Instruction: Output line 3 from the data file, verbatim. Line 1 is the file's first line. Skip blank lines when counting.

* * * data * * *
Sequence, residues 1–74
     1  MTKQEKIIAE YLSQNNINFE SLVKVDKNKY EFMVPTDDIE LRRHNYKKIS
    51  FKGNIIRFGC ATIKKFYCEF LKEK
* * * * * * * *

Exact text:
    51  FKGNIIRFGC ATIKKFYCEF LKEK